Web Workers are separate JavaScript threads that can be spawned by the main UI thread and will download and execute a specified .js file from the same domain.  The UI thread and the new worker can communicate by asynchronous message passing of String values (and vanilla JSON objects, although this isn’t technically in the spec).  In addition, web workers can’t manipulate the DOM or anything on the page directly.  So what can they do?  They can run in parallel of your UI code and leverage any other normal native API that your UI code can (web sockets, XMLHttpRequest, local storage, etc).  This means that you can offload large computations and server communication to the second thread and leave your main thread for dealing with the user and the DOM.

*** From several soures and the spec itself, it sounds like Web Workers are not designed to be cheap to create and start.  This doesn’t mean that implementations have to make these expensive operations, but the idea is that you won’t create hundreds of these.  Instead create one or two and reuse them.  I noticed that besides the extra network hits to grab the actual code to run int he worker, there was occasionally a noticeable pause as the worker thread was spawned.  Since the UI thread will have continued on during this time, it is probably a best practice to have the worker and UI threads coordinate their work with some “I a alive and ready” type messages. ***

In the Game of Life code I wanted to use a Web Worker to do the generation-to-generation calculations since I figured this would be the bulk of the processing time and my naive 2D array implementation required a fair amount of calculations for large “worlds”.  The gol-client.js file is the jumping off point.  The main chunk of code is executed after the DOM is loaded and creates the necessary objects used to draw on the canvas and creates a new Web Worker loaded with gol-worker.js.

var message_actions = {
	log: function(message) {'Client Received Message');
	  console.log( message );

$(function() {
	var context = document.getElementById('gol_canvas').getContext('2d')
	var canvas = new GoLCanvas(context, 50, 401)

	message_actions.draw = function(delta) {

	var worker = new Worker('./lib/gol-worker.js')

	worker.addEventListener('message', function (event) {
	}, false);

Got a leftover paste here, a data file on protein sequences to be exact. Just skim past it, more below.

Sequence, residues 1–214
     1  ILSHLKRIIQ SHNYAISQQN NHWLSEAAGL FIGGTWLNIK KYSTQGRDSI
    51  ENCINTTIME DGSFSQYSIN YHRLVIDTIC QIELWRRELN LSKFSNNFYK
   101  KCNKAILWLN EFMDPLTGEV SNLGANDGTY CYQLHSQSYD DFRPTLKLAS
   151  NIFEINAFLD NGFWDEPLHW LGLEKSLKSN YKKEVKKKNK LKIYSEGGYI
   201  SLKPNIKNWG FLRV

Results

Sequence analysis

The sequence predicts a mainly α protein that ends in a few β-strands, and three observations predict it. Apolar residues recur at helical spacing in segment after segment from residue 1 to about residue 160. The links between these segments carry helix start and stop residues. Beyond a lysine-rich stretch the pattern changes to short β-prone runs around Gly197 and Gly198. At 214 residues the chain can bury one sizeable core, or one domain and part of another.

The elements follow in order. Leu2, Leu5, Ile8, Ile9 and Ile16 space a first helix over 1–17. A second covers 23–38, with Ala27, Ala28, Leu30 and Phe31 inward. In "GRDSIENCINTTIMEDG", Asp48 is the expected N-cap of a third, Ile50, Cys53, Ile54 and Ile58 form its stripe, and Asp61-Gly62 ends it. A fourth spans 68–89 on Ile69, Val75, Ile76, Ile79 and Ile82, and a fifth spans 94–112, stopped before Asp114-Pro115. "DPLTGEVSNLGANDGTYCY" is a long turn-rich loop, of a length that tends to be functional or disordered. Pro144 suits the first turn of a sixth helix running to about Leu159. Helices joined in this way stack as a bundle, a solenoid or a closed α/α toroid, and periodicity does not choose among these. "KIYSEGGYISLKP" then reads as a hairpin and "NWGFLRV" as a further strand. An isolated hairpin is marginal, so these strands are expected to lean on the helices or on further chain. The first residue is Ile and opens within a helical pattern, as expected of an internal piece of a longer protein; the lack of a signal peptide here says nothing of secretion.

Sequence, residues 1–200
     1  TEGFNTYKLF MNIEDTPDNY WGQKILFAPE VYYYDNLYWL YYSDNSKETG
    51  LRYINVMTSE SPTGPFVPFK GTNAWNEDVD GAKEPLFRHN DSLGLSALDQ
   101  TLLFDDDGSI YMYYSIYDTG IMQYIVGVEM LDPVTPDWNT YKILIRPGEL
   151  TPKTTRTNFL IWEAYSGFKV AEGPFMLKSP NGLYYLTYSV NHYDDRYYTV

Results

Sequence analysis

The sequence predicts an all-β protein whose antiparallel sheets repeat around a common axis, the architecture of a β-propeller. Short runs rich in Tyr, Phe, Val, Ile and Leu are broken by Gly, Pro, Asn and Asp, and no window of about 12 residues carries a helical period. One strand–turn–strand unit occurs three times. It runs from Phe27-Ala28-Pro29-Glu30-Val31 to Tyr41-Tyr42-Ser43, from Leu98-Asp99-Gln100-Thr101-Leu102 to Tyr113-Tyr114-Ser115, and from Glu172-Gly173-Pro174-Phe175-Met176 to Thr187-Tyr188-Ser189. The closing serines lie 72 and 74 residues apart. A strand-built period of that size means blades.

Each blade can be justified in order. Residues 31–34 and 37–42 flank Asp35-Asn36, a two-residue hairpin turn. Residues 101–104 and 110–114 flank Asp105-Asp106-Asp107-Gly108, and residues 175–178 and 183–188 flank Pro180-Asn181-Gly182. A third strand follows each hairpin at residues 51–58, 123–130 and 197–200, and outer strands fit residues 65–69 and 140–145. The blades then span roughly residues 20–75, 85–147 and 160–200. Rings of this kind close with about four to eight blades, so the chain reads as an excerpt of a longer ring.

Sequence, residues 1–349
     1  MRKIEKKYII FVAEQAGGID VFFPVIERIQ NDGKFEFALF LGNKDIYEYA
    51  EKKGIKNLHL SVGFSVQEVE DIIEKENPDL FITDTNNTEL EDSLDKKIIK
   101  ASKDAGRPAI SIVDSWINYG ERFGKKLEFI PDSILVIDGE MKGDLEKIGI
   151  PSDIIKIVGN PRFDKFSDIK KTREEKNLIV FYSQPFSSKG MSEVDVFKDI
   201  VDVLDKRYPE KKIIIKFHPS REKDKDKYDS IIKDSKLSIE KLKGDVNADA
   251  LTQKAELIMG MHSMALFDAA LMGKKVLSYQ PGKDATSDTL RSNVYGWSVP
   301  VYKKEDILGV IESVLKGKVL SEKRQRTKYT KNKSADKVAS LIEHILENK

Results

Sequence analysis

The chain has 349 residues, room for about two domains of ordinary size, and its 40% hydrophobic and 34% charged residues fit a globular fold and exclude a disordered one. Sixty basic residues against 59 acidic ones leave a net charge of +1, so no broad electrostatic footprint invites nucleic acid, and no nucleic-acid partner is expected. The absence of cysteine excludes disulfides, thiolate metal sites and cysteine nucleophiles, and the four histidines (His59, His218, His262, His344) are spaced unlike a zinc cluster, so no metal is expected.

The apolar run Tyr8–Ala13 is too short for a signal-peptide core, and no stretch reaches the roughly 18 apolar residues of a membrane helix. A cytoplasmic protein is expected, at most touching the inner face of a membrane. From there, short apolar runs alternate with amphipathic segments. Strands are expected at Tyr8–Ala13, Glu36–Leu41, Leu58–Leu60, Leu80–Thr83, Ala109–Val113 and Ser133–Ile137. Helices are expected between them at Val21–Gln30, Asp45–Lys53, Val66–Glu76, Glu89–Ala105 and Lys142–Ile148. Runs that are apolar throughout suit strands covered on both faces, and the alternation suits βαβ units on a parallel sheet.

First thing first, the worker loads up a secondary library file containing the actual Game of Life logic using the importScripts(”) command.  The worker is the only one that actually knows about the Game of Life algorithm and matrix (“world”).  After creating a new matrix it randomly seeds the world and kicks off a timer to calculate a new generation each X ms and post the changed positions back to the main UI thread.

postMessage({ action: 'log', data: 'Starting' })

for(var x = 0; x < SIZE; x++) {
  for(var y = 0; y < SIZE; y++) {
    if(Math.floor(Math.random() * 2) == 1) {
      matrix.spawn(x, y)

setInterval(function() {
  postMessage({ action: 'draw', data: matrix.ticktock() })
}, 200)

*** Initially I assumed that the calculations for each new board would be time consuming and I would be able to run them continuously and post back changes to the UI thread after each one without any waits.  Turns out it is fast and spamming messages to the UI thread can cause some hiccups in performance more than just waiting.  I haven’t had a chance to examine what really happened but in Chrome on Windows I was seeing some really strange behavior when I flooded the UI thread w/ messages too fast.  I am not sure if their is a message buffer I was overflowing or if it was just choking on the throughput. ***

All in all workers are a piece of cake and really helpful.  I noticed some performance differences between Firefox and Chrome (hint Chrome was faster) but I can’t blame one particular thing or another.  It might just be my crap code.

Along with offloading large processing tasks web workers can be used for background server communication, as a proxy for helping multiple client windows to talk to each other, persistent data stores, and common processors that can have life cycles beyond the scope of a single page but across multiple requests for a whole web-app (shared web workers).

>> Another post discusses some of my findings w/ using the Canvas tag to display the world … …